Ultra-processed food consumption linked to adverse mental health symptoms

Ultra-processed food consumption linked to adverse mental health symptoms

According to new research published in , people who consume large amounts of ultra-processed foods report significantly more harmful mental health symptoms. public health nutrition.

Ultra-processed foods mostly consist of processed ingredients that have been extracted from foods and usually contain flavorings, colorings, and other additives. Ultra-processed foods are often high in sugar, fat, and salt, and are often lacking in important nutrients like fiber and vitamins. A number of studies have found that ultra-processed foods can have negative physical health consequences, but little is known about the link between these nutrients and mental health outcomes.

Explained study author Eric Hecht, a physician and assistant professor at Florida Atlantic University and the University of Miami. “Ultra-processed foods are of great importance for a variety of health outcomes including obesity and inflammatory diseases.”

Other studies have explored the relationship between diet and mental health, but few have examined the relationship between UPF consumption and mental health. Through anecdotal evidence, I have often wondered about the relationship between junk food and later behavioral problems in children and symptoms of anxiety and depression in adults. All of these ideas sort of led to this study.”

For their study, researchers examined the number of mild depression, the number of mentally unhealthy days, and the number of anxious days in 10,359 adults 18 years of age or older from the United States National Health and Nutrition Examination Survey, a series of nationally representative surveys that include: Interviews and physical examinations. Importantly, the surveys collect information related to dietary behaviors and mental health.

Hecht and colleagues found evidence that consumption of ultra-processed foods was associated with worse mental health outcomes. Individuals who ate the most over-processed foods tended to have more symptoms of mild depression along with more “unhealthy days” and “anxiety days” over the past month than those who consumed the least amount.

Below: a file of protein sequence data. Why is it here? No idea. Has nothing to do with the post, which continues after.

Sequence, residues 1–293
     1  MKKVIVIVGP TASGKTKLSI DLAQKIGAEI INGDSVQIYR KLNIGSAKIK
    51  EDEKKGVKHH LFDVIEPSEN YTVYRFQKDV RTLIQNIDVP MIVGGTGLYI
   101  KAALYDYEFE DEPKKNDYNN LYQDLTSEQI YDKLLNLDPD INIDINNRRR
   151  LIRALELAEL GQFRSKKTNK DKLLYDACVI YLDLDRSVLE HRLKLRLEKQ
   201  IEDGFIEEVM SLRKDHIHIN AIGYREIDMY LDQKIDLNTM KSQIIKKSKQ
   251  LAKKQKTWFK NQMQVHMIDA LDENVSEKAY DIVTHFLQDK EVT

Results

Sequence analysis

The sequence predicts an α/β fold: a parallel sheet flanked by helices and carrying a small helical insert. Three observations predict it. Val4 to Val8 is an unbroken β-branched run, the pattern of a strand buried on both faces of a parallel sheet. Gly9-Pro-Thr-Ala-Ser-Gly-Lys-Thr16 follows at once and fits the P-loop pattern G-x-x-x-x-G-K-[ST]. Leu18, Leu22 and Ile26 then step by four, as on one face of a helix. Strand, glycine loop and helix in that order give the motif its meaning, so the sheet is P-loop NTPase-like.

“We found a dose-response relationship between UPF consumption and mental health symptoms,” Hecht told PsyPost. Others have found a relationship between whole food consumption and improved mental health symptoms. The average American consumes 60% of their calories in the form of UPF. For many other health reasons, this is a bad idea. And now it appears that UPF consumption may be linked to worse mental health. I think in general the average person should look at the amount of packaged food they consume and make an effort to make the majority of their calorie consumption real, unprocessed food.”

A significant number of individuals who reported that ultra-processed foods accounted for less than 19% of their daily calories did not have any unhealthy, mentally worry-free days. “I was impressed that individuals on a diet with lower UPF generally describe the last 30 days as free of mental health symptoms,” Hecht said.

The researchers controlled for potential confounding variables, such as age, body mass index, race/ethnicity, poverty status, smoking status, and level of physical activity. But the study, like all research, has some caveats.

“Our study was cross-sectional, so we can’t be sure which one comes first, the UV protection factor or the symptom,” Hecht explained. “Reverse causation, meaning that mental health symptoms may increase UPF consumption is a real possibility. But the arguments against this are longitudinal studies that have found a temporal relationship between junk food consumption and mental health symptoms. Additionally, experimental studies have found that reducing junk food improves health symptoms.” mental health when compared to individuals who continue their poor diet.”

“The association between UPF consumption and obesity, and the association between UPF consumption and inflammation also suggest pathways toward mental health symptoms because excess weight gain and inflammation can lead to mental health symptoms as found in other studies,” the researcher added.

the study, “Cross-sectional examination of ultra-processed food consumption and adverse mental health symptoms‘, written by Eric M. Hecht, Anna Rabel, Eurydice Martinez Steele, Gary Abrams, Diana Weir, David C. Landy, and Charles H. Henkins.

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